Eleven years ago, when the Total Literacy campaigns were at their peak, a group of five women—Renuka Mishra, Jaya Sharma, Farah Naqvi, Malini Ghose and Dipta Bhog—decided the only way to keep new readers reading was to give them material they actually, actively, wanted to read. Out of this simple idea, Pitara was born.
The women founded a Delhi-based collective, working on issues related to gender and education called Nirantar and, with Pitara, their aim was two-fold. Firstly, they hoped to provide high quality, simply written, interesting reading material to a poor, largely rural community to help them develop and keep up their reading skills. And secondly, the information would take its readers beyond their immediate surroundings or, at the very least, enable them to see their environment in a new light.
Jaya Sharma has been with Pitara since its inception. "Pitara aims to respect its readers. After all, urban literate readers like us enjoy reading different things. Why shouldn’t rural readers want the same? So we include local news and international politics, alongside fiction, jokes, feature articles," she says. They’ve also brought out special issues on Kashmir, Dalit women writers, and fiction specials.
Malini Ghose explains the special place that Pitara has in the heart and minds of its readers: "Where else can they read an article about the geographical features of Iceland, the politics of the Narmada struggle, a story by Ismat Chugtai and an article on cloning? Just because someone is poor, rural and a woman doesn’t mean she only wants to read leaflets on reproductive health."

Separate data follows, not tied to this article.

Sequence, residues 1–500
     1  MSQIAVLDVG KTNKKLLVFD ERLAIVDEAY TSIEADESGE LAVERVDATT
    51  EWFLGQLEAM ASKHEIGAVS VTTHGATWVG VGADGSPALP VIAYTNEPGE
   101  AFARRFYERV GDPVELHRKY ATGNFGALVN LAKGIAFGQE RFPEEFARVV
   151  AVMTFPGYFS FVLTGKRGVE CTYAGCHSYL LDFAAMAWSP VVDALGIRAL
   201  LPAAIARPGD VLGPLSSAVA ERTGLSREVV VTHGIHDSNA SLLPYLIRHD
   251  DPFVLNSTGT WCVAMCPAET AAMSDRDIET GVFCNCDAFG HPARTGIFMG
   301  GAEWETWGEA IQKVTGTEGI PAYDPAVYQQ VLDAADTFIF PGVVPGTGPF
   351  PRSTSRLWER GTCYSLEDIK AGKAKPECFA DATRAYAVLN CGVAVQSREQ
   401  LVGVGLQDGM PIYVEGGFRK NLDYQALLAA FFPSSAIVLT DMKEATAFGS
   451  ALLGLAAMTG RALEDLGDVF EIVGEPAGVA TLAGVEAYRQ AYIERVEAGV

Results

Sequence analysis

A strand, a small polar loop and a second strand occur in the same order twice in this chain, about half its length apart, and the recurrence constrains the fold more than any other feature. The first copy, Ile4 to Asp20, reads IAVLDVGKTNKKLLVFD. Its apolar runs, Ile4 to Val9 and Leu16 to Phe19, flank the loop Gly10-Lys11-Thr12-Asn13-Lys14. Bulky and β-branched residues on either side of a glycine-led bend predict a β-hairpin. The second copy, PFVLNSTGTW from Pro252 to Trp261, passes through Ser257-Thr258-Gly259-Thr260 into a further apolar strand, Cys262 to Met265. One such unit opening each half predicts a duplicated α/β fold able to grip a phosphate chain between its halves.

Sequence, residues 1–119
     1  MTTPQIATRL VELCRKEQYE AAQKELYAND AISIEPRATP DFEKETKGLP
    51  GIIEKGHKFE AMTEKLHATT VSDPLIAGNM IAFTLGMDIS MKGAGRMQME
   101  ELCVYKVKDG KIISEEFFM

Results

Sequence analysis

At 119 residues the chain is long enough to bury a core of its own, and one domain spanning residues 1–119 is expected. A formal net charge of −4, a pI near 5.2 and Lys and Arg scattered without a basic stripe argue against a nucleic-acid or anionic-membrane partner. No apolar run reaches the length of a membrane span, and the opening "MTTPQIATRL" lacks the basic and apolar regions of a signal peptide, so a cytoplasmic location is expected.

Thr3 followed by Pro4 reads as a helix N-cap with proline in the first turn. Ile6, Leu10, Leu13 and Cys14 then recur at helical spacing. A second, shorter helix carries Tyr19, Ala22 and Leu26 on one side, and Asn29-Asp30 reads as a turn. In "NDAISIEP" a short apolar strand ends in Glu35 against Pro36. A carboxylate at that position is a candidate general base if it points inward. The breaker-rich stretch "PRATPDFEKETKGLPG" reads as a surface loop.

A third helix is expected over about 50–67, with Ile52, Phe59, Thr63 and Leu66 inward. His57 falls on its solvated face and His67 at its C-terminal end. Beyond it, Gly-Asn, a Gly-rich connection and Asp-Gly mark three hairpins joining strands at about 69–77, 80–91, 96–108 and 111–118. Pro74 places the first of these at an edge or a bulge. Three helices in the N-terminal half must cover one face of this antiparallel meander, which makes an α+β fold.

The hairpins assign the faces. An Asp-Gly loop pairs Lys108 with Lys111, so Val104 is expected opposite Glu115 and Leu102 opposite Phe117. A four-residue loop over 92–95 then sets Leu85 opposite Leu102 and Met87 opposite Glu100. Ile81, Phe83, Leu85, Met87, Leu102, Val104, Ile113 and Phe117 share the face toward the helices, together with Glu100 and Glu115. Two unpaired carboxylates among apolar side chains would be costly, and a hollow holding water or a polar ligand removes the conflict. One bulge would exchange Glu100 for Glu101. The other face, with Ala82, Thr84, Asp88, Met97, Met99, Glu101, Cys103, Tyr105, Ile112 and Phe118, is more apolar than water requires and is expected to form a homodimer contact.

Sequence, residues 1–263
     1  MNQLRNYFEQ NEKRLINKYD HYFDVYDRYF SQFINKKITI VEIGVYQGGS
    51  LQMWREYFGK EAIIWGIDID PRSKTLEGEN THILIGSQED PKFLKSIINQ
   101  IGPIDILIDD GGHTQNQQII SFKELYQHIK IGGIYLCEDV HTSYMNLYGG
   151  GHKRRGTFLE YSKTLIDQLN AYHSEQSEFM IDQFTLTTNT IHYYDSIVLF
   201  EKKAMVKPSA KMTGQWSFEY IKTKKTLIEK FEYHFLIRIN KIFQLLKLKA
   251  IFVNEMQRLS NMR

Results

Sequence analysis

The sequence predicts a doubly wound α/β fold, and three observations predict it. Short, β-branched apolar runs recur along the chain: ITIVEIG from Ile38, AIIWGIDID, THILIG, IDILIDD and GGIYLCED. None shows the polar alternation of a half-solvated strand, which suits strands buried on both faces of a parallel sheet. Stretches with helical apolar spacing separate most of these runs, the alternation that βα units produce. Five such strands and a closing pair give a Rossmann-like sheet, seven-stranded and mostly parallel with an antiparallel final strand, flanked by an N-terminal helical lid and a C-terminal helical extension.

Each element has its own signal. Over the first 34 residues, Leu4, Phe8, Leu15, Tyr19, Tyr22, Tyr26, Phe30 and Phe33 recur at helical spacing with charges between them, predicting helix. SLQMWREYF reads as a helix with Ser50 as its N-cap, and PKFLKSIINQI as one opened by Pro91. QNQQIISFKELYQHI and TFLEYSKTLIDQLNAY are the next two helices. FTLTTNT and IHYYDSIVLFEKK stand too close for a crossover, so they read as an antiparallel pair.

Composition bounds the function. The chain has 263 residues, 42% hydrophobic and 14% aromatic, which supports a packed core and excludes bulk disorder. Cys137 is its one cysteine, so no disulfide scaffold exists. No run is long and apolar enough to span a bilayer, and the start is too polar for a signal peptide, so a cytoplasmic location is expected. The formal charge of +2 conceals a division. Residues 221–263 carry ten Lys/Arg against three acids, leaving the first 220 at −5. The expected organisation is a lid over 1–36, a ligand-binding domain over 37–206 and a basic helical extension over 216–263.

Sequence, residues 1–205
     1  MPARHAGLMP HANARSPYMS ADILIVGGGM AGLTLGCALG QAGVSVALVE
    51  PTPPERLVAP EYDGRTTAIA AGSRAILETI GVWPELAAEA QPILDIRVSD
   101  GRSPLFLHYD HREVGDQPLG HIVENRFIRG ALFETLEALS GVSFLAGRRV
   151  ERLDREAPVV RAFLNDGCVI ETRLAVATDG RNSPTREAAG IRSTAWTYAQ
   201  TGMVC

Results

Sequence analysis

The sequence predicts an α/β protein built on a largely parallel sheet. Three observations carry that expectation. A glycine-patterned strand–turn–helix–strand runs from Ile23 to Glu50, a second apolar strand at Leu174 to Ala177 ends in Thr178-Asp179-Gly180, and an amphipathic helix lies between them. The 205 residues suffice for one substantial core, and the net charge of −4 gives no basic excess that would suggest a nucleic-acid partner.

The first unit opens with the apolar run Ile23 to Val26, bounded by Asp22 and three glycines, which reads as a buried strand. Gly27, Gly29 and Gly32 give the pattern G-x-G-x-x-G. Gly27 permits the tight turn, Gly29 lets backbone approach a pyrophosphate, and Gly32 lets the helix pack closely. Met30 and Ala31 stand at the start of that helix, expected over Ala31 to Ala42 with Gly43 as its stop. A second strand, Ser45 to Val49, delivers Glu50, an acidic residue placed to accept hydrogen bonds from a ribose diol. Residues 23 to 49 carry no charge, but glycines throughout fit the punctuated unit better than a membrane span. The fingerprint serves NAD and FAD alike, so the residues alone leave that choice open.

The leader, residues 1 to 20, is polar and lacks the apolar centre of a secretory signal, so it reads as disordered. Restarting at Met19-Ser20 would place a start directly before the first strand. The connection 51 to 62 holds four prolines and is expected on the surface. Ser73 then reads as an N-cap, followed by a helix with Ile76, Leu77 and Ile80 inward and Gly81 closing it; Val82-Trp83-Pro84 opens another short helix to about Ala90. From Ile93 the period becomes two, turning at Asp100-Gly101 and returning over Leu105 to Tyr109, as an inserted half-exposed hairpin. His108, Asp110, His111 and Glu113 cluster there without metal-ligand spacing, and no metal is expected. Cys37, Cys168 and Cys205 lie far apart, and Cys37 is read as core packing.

According to the National Readership Survey, ’05, 293 million people in India don’t read any publication. Official figures peg the national literacy rate at around 65 per cent, but this percentage plummets when it comes to rural areas, and especially the female populace. "The government claims to be teaching people to read—but what are they doing to sustain their literacy?" asks Dipta Bhog.
Given the prevalent illiteracy, Pitara seems like a drop in the ocean. And yet, even drops create ripples. Listen to Mohanmati, an 85-year-old woman of Gadgodi village, Bilaspur district, Chhattisgarh: "My daughter’s father-in-law, the local postman, is the first person to read my copy of Pitara. It then goes to his daughter-in-law. After she has read it, she gives it to her husband, he to his brother, and only then I get to see my copy." For the team at Nirantar, the bimonthly is at the frontline of the debates raging around the Right to Information Act. "Such an act is meaningless if it’s only for a few in the metros filing affidavits. Pitara’s all about the politics of knowledge, the politics of information: what kind of knowledge? And who is able to access it," says Malini Ghose. "Funding is a constant struggle," says Farah Naqvi, "as is finding suitable distribution channels. For our poor, rural readership, there’s simply no culture of subscription." Pitara’s strength lies not in the fact that its readership is 30,000, but that this figure is qualitatively varied—including neo-literates, teachers, activists, rickshaw pullers, college students and those learning Hindi as their second language. A feminist magazine that’s not just read by women; a magazine produced in Delhi that’s not just targeted at urban readers.
Contact: firstname.lastname@example.org, or write to Nirantar, B64 Sarvodaya Enclave, 2nd floor, New Delhi 110 017, Tel: 011-26966334 or fax 011-26517726.